This is good advice from a friend of the Foundation, Kyle Rudduck. If need some assistance, give the Foundation a call at 937-566-1634 and we will be happy to assist you!
As the old saying goes, “it is better to give than receive.” And while it’s hard to argue that giving a perfect gift is extremely gratifying, when it comes to charitable giving, it feels even better when you can give to your favorite organization AND receive a reduced tax bill in the process.
If you’re considering (or would like to find a way) to support your local community this season while also receiving a tax benefit for your generosity, consider three possible opportunities below:
Donate Stock with High Capital Gains – So you have a stock that you purchased years ago that has continued to grow and accumulate in value. Aside from the risk created by a single stock representing a disproportionate amount of your portfolio (*ahem* General Electric), selling the stock could create a sizeable capital gains tax liability as well. But, if you’re charitably inclined, the IRS allows you to donate these shares to a qualified charity and receive a tax deduction as if you had donated cash (certain AGI limitations notwithstanding). The main advantage of this strategy is that, by donating, you can completely avoid triggering the capital gains taxes you would in a sale. Further, because the charity is exempt from taxes, it can sell upon receipt and convert your gift into the cash required to fund its mission. Lastly, after making your stock donation, consider using the cash that you would have otherwise contributed to the organization and instead re-purchase investments in your portfolio. In doing so, the cost basis of your investment will increase potentially further reducing capital gains taxes for you into the future.
“Bunch” Charitable Contributions – When filing your tax return, the IRS allows for you to claim the greater of a “Standard Deduction” (which is set by Uncle Sam) or the total of all itemized deductions you’ve accumulated throughout the year. One of the many changes made to the tax code last year with the passing of the “Tax Cuts and Jobs Act of 2017” was a near doubling of the Standard Deduction that is offered to taxpayers (for 2018, it is $12,000 for individuals and $24,000 for married filers). For many, this increase meant that itemized deductions became a thing of the past -- charitable contributions included. However, for those that are impacted and remain interested in earning a tax benefit for their contributions, consider “bunching.” Bunching is a strategy whereby instead of contributing a smaller, level amount each year, you would “bunch” multiple years’ worth of contributions into one. For example, instead of contributing a level $5,000 to your favorite charity each year, 3-5 years’ worth of contributions ($15,000 - $20,000) would be bunched into a single lump sum with no contributions being made for the next 3-5. By utilizing this strategy, your total outlay over the entire period is unchanged (as is the benefit to your favorite charity). However, by gifting in this manner, you may be able to generate tax benefit for your charitable activities while also taking advantage of the increased Standard Deduction in off years. Finally, as a compliment to this strategy, consider establishing a donor advised fund to be the recipient of your bunched contributions. With a donor advised fund, you’re able to make contributions (and receive full tax benefit in the year they are made) but then have flexibility to hold your contributions in the fund and disburse them to your favorite charities in the years to come. If you are interested in establishing a donor advised fund, consider the Clinton County Foundation which allows for you to establish one under its umbrella.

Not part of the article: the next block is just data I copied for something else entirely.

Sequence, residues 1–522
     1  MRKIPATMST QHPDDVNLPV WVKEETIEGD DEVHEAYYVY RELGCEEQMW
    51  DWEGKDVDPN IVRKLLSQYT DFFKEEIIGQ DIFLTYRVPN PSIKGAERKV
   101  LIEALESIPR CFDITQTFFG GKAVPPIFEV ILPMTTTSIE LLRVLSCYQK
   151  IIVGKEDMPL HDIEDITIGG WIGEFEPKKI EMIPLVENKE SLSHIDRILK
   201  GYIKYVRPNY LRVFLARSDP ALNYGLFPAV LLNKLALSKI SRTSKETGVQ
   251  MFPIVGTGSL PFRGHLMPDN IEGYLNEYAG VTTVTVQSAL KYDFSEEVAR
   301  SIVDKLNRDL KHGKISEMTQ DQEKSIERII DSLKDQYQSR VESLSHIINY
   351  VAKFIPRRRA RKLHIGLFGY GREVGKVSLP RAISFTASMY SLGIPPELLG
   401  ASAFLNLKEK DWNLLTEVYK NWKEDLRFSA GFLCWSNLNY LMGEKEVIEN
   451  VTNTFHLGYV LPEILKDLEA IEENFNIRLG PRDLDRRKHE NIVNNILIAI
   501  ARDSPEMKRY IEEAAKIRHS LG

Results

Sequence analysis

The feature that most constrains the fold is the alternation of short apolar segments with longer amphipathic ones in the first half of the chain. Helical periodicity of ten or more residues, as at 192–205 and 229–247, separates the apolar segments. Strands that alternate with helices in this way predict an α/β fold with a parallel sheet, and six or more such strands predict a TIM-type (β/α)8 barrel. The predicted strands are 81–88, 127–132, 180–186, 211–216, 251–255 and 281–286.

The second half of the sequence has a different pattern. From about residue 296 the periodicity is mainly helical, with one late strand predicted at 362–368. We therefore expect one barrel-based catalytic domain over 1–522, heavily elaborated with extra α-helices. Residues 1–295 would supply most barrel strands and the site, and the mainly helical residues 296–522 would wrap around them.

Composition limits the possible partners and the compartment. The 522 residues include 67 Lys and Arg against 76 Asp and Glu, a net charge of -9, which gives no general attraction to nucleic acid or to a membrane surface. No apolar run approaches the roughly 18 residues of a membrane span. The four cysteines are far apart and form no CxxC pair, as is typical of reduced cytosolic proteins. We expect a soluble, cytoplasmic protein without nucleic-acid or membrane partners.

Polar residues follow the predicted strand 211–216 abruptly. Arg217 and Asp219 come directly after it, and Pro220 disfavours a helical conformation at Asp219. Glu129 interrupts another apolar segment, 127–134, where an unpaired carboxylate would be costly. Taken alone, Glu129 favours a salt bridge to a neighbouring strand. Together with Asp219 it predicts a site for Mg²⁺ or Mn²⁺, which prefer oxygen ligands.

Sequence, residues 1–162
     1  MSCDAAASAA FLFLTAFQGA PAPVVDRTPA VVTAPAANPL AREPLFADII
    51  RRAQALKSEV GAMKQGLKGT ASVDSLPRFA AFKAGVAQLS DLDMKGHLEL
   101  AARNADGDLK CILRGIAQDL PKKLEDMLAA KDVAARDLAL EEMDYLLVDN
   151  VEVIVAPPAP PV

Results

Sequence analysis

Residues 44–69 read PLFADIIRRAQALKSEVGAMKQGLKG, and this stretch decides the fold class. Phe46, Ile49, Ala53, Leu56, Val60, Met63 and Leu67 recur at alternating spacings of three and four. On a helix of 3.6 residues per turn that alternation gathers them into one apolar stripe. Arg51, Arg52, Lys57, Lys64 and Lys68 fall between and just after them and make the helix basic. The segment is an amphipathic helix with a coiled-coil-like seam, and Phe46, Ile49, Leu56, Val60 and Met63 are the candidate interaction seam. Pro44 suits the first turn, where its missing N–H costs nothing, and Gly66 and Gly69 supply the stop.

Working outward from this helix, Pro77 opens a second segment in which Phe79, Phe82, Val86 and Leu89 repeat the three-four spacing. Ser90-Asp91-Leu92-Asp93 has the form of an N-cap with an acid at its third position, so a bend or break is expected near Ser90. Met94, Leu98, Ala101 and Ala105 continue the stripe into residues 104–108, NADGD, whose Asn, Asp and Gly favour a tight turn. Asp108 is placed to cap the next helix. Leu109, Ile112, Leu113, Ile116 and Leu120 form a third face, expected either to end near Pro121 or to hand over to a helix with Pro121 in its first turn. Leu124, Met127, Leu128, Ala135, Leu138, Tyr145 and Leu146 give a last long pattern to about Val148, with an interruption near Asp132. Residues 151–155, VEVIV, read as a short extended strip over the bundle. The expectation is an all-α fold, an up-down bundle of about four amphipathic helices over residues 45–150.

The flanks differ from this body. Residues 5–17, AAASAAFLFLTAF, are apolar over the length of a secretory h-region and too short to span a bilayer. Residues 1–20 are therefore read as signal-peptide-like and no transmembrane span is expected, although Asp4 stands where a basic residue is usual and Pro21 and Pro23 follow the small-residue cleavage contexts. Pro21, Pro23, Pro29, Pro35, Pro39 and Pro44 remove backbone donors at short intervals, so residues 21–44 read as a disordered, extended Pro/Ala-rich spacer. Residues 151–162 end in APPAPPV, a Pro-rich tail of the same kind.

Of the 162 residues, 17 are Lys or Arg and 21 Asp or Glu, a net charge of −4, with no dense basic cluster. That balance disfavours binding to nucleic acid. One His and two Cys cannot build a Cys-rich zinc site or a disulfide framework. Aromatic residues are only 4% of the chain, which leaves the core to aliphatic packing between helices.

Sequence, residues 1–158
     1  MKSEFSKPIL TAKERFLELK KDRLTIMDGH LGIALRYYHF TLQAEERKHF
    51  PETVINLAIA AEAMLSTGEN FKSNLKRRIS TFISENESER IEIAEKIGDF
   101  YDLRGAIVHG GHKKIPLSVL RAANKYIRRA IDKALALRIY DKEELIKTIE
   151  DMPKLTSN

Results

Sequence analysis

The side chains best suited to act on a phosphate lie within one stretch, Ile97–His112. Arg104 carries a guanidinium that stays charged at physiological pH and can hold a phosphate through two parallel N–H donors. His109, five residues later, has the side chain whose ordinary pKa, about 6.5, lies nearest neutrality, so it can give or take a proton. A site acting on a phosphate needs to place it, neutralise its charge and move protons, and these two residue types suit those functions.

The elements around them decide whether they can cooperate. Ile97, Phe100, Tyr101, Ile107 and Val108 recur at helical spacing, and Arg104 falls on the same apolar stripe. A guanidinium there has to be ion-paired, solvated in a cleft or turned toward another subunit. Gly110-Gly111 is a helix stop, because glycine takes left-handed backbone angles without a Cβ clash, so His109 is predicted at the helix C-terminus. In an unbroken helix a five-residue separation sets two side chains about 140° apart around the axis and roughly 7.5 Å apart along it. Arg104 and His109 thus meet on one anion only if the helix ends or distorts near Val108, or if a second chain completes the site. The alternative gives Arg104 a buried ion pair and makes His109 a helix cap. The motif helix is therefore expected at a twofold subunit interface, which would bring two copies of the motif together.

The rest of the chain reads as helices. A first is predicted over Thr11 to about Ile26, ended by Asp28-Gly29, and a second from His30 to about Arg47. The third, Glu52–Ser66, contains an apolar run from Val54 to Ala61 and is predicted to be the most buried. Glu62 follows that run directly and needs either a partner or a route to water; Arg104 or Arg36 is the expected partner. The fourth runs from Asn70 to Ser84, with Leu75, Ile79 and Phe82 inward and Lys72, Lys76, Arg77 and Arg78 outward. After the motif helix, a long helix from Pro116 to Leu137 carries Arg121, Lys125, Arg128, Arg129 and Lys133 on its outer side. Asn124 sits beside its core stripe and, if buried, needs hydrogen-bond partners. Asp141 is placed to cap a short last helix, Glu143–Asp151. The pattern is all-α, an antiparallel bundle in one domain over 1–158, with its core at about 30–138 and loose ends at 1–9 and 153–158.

Make a Qualified Charitable Distribution DIRECTLY from Your IRA – As mentioned above, one of the major changes that came from the Tax Cuts and Jobs Act of 2017 was the near doubling of the Standard Deduction that is allowed by the IRS. And while the IRS continues to allow those over 70.5 to exclude from Adjusted Gross Income the portion of their Required Minimum Distribution that is contributed to a qualified charity, with the passing of the tax law, this strategy has become even more meaningful. Historically, aside from the possible impact on certain phaseouts and the taxation of Social Security benefits, there was very little difference between making contributions of RMDs to charity directly or taking the RMD personally and then contributing to the charity. However, because the standard deduction has now been doubled, there is an increased risk that you may no longer be itemizing your deductions and therefore would NOT be able to receive a tax benefit for your contribution – even though the RMD would still be included in your income. To help prevent your RMD from being included as income, ensure any checks are made payable directly to the qualified charitable organization and not to yourself personally.
Tis the season of giving and my hope is that this year your favorite hometown charitable organization will be the beneficiary of your gifts while you also may receive benefit from the IRS!
** This article does not constitute tax advice and should not be taken as such. Everyone’s situation is unique. Prior to making any decision regarding your personal tax or investment situation you should consult with a qualified professional to ensure it is appropriate for you. **